John Paul has also put the brakes on the ecumenical movement, though it should be emphasized that this movement acquired its own momentum and has created its own powerful lobby within the church. In the West, the idea is seen primarily in terms of a Protestant-Catholic dialogue. But for the Vatican it is far more complicated. It is at the center of a multiple process of theological diplomacy in which concessions to one interlocutor may be seen as further intransigence by another.
So far as the Anglicans or Protestants are concerned, much of the detailed work on what are regarded as the three principal areas in dispute — the definition of the Eucharist, which includes the conflict between transubstantiation and consubstantiation, the ministry, including recognition of Anglican orders, and authority, which incorporates papal claims to infallibility, has been completed. The difficulties are not insurmountable, granted goodwill, which certainly exists on both sides. The problem lies elsewhere. John Paul is painfully aware that he is not negotiating with a stable partner. The Anglican Church is changing as fast, if not faster, than Roman Catholicism did during the most volatile phase of Pope Paul VI’s pontificate. There is, as John Paul sees it, no sign of this process ending or of any determination among Anglican opinion-formers of wanting it to end. Anglicanism, he thinks, is suffering from the same nervous sickness which afflicted Catholicism when he inherited it, but has not yet had the courage to call in a doctor. For Rome, now in the process of recovery, there is no great advantage in acquiring a new, exceptionally mobile and possibly contagious partner.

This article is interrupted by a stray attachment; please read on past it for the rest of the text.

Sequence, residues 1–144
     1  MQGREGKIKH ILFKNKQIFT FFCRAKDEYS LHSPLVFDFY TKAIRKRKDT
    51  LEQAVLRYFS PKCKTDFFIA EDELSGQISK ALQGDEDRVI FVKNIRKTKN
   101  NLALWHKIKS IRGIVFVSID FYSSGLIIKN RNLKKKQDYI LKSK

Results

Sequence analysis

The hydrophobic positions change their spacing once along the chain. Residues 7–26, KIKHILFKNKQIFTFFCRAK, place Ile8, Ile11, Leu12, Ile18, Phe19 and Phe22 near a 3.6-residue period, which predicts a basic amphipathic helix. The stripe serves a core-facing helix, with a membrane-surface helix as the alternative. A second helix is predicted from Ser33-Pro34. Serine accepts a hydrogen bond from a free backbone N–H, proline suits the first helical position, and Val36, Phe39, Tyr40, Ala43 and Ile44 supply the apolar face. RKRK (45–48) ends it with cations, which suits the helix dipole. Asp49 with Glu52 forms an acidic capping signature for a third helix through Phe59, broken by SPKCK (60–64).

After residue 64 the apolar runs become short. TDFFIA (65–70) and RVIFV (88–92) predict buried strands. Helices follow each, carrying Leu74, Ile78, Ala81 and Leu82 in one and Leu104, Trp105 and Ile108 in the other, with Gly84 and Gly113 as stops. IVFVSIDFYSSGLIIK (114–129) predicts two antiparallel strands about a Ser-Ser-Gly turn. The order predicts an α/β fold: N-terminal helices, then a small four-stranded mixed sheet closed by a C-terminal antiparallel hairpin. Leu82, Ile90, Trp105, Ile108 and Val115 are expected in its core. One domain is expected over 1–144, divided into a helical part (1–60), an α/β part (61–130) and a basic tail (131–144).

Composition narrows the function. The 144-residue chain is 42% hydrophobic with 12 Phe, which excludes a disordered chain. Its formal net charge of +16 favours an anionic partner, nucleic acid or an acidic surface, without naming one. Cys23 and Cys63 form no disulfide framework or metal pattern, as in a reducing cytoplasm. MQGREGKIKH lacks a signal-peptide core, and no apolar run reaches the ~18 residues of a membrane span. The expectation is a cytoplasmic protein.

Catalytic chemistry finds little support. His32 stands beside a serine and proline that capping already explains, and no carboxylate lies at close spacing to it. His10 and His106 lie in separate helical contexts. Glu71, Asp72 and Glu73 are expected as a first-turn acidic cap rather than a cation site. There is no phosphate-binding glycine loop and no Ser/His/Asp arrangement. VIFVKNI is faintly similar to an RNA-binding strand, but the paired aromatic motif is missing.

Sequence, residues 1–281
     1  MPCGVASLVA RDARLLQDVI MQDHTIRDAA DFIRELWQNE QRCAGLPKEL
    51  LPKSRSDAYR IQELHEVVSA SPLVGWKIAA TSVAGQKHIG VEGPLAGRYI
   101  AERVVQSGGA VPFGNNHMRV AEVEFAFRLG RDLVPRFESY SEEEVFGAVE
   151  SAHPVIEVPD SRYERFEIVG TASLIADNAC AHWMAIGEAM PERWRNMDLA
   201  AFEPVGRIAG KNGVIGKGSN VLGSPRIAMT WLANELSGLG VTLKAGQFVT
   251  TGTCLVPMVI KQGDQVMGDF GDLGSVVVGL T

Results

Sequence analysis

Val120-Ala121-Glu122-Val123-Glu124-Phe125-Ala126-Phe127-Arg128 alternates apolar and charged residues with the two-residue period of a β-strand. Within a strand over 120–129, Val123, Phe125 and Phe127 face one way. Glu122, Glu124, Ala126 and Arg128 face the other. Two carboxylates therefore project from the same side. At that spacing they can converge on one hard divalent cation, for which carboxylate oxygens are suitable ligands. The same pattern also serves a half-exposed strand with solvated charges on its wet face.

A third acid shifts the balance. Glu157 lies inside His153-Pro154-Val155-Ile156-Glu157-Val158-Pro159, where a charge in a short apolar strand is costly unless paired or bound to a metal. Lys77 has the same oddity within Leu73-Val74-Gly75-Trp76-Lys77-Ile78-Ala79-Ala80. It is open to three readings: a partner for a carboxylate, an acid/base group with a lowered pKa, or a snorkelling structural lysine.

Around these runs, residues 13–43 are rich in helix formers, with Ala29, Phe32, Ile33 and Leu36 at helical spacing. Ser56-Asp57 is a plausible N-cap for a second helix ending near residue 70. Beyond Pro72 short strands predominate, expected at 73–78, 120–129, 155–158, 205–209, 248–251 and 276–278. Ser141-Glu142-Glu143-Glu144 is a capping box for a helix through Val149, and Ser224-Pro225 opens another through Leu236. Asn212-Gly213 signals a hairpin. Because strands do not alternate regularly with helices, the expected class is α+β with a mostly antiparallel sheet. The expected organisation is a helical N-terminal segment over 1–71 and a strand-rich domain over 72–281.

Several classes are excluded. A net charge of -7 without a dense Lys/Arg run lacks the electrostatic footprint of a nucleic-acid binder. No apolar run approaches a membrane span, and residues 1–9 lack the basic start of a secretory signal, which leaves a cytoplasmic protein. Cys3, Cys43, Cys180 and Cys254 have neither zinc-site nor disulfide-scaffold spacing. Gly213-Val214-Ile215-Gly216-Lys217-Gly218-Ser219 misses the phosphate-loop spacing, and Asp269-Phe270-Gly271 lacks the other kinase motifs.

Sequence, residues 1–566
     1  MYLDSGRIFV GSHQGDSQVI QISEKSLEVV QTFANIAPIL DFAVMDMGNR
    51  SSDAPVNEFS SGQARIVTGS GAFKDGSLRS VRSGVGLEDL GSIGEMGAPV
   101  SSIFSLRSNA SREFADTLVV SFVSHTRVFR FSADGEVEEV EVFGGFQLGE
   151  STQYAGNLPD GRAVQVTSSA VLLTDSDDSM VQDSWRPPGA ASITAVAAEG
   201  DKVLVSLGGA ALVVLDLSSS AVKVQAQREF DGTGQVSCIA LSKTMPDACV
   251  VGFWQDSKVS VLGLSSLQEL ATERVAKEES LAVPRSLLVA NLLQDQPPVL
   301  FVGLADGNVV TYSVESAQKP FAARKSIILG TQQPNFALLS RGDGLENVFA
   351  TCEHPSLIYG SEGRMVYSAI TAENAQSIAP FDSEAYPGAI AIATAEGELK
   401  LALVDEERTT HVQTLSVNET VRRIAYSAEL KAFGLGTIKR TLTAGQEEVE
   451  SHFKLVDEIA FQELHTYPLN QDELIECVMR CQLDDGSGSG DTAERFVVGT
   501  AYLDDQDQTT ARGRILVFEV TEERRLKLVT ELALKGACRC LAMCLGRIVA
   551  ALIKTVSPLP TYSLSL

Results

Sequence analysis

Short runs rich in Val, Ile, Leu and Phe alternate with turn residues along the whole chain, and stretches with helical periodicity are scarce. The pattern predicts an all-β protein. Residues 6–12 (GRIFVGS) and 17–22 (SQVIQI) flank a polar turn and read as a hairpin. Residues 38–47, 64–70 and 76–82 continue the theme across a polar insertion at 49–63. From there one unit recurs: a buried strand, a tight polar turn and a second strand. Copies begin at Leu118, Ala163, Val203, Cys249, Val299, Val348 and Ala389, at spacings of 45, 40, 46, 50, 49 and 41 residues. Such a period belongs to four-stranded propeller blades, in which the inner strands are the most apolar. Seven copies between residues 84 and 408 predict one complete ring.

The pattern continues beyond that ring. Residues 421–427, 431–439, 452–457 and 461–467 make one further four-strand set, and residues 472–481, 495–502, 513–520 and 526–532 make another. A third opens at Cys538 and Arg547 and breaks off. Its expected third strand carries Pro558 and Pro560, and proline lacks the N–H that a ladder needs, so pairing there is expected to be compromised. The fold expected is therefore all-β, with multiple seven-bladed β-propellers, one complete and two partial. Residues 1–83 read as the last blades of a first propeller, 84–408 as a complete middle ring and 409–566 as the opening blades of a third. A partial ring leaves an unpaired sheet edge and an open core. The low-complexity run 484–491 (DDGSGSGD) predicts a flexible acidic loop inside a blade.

In any case the recovery of Catholicism must have priority. It is now getting back its old courage and assurance, but the process takes time. John Paul noted this point in his letter to the German episcopal conference on 15 May 1980. How, he asked, can one church negotiate with another effectively if its own affairs are not in order and it is not wholly clear about its own beliefs? And who or what is to clarify those beliefs unless it be authority? He wrote: “Only a church deeply consolidated in the faith can be a church of authentic dialogue.” “Only a mature faith can be an effective advocate of true religious freedom, freedom of conscience and all human rights.” In order to engage in the adventurous course indicated by the Council, the faithful must have special confidence in the Holy Spirit and its activity. How does that manifest itself in Roman Catholicism? Why, through the Magisterium and the doctrine of infallibility. But these are precisely points at issue in the ecumenical dialogue.